Oblivion being the other promised game.
There is even a possibility of Karma, the massive space adventure first announced
almost ten years ago,
finally being finished. The surviving author, Ian David Robinson, is working
on it in his spare time along with help from at least one other competent Acorn games
programmer. However, the web site hasn't been updated for absolutely ages, so this doesn't
bode too well.
King and Country
King and Country, a strategy game announced in mid 1996,
is apparently still in progress, although at this rate it will be the new millenium
before it is anywhere near being finished! Fantasia have put MetalFighters 4000, a side-on beat-em-up also in development,
on hold, and disappointing sales of Wizard Apprentice mean any further titles now
look less likely.
To Be or Not To Be?
Martin Piper (a partner in TBA Software) has made various comments about 3D graphic cards in the
Acorn newsgroup comp.sys.acorn.games - in particular a 3Dfx one, but there has been no announcement of official 3Dfx support. Martin says he will write a driver if necessary, however. See the
Acorn World 97 show report for full details. However,
and completely separately, I have heard that an American company called Tritech will be
releasing a set of PCI
drivers for the Acorn for their Pyramid 3D graphics accelerator card. Such a card would
connect to the PCI bus on the forthcoming Risc PC 2 (see the Acorn Stand part of the Acorn World 97 report for details on Risc PC 2, and also see the TBA Stand report for 3D graphics card discussion). This is one of the latest, potentially best 3D graphics cards - the timescale of the possible Acorn release is not yet known. No official announcement has yet been made about an Acorn release, however.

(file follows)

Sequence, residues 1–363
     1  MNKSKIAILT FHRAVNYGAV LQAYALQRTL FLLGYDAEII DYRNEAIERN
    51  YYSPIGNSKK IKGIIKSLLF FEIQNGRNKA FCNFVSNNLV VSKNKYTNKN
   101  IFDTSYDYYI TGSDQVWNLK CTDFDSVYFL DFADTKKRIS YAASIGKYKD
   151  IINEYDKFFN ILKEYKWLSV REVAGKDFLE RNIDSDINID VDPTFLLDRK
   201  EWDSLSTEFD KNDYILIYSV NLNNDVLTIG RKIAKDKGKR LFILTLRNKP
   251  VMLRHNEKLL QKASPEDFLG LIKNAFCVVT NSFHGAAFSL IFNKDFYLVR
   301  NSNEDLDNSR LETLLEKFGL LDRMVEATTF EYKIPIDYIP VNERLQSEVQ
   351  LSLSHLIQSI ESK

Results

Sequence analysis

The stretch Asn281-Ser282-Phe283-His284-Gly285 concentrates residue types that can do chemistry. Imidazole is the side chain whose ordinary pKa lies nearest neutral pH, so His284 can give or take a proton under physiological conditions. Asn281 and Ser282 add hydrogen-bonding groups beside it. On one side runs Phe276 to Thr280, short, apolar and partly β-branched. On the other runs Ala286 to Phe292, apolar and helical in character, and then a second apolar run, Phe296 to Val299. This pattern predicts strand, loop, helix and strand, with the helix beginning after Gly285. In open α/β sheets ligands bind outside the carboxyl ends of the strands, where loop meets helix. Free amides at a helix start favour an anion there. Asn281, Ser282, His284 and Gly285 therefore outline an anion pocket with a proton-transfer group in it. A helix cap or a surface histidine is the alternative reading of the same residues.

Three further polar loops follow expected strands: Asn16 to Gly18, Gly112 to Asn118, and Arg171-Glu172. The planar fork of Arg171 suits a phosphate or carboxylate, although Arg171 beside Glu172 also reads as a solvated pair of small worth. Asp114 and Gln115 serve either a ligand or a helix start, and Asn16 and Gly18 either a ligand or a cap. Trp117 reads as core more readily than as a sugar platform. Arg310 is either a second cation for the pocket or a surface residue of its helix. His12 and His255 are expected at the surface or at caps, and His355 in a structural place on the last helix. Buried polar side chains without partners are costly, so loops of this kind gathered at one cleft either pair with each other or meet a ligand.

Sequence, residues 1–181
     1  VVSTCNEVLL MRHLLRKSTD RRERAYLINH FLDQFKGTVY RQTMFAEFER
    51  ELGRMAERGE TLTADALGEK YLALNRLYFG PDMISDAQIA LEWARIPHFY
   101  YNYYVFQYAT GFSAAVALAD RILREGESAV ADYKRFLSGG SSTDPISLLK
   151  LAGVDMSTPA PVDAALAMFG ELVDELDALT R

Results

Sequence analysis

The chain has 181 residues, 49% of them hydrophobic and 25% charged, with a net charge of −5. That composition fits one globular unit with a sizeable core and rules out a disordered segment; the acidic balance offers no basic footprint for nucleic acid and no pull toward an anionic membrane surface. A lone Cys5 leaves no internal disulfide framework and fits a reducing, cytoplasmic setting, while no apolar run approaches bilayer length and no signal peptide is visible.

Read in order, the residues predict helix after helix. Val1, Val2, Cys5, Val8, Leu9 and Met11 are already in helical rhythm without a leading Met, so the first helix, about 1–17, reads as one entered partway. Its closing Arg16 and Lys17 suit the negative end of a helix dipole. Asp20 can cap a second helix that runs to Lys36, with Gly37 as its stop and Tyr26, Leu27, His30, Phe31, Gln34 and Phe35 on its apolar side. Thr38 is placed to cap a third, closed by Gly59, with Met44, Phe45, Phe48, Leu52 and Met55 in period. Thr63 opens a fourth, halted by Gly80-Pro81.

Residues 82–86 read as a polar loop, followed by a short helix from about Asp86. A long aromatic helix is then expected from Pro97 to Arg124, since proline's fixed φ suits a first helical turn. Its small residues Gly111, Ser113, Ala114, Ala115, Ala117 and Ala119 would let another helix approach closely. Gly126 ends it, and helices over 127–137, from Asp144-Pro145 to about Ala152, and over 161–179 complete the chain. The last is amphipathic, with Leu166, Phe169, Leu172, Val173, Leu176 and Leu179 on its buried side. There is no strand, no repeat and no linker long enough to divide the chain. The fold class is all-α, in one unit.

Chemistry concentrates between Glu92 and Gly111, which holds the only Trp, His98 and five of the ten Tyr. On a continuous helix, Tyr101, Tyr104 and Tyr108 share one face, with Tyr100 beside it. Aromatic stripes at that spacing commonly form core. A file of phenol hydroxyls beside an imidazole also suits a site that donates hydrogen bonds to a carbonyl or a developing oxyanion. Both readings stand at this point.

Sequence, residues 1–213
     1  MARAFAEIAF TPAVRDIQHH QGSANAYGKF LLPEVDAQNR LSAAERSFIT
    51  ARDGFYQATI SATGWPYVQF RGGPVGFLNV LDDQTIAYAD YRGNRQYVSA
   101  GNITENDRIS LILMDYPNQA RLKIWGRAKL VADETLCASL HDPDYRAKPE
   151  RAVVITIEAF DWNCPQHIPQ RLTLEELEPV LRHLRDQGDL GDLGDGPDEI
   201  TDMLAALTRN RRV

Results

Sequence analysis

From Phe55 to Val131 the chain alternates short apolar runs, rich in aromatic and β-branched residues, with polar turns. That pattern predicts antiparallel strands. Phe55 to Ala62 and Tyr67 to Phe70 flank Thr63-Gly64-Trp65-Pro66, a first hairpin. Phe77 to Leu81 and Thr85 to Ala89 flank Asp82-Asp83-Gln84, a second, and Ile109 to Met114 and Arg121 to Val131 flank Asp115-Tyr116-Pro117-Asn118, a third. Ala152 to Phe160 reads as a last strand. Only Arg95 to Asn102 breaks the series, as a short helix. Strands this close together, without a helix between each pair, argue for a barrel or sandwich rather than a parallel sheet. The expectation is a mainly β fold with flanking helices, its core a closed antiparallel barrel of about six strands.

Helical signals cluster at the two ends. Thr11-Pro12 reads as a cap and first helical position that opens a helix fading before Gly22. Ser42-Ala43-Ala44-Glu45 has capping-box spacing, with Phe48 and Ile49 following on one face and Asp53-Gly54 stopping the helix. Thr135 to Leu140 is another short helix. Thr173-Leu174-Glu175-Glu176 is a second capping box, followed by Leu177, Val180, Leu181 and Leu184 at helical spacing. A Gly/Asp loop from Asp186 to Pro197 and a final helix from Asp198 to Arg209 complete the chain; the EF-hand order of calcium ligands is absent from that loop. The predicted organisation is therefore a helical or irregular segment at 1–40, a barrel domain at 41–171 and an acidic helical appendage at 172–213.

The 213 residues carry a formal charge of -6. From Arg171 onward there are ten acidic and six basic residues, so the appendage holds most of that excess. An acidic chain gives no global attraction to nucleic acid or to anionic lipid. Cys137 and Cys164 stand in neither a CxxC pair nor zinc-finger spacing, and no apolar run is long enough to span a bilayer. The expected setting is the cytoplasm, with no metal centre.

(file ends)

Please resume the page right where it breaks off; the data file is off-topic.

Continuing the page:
Acorn have been encouraging the porting of various big name games to the platform, and it
now looks likely that things will actually start to become of this. I am told that it is
quite possible that Acorn might be willing to invest money in such a venture, although
how much this financial aid might come to I don't know, and would probably depend upon
the precise project in question. There is a precedent for this,
of course - Acorn invested in the original Lander game which later became Zarch, and they were also the driving force behind the superb port of Flashback -
involvement in other products has also been rumoured. It does seem that Acorn are putting
a reasonable amount of effort into the production of some games for RISC OS, and their
support seems to be the best it has been for many a long year. They are also interested in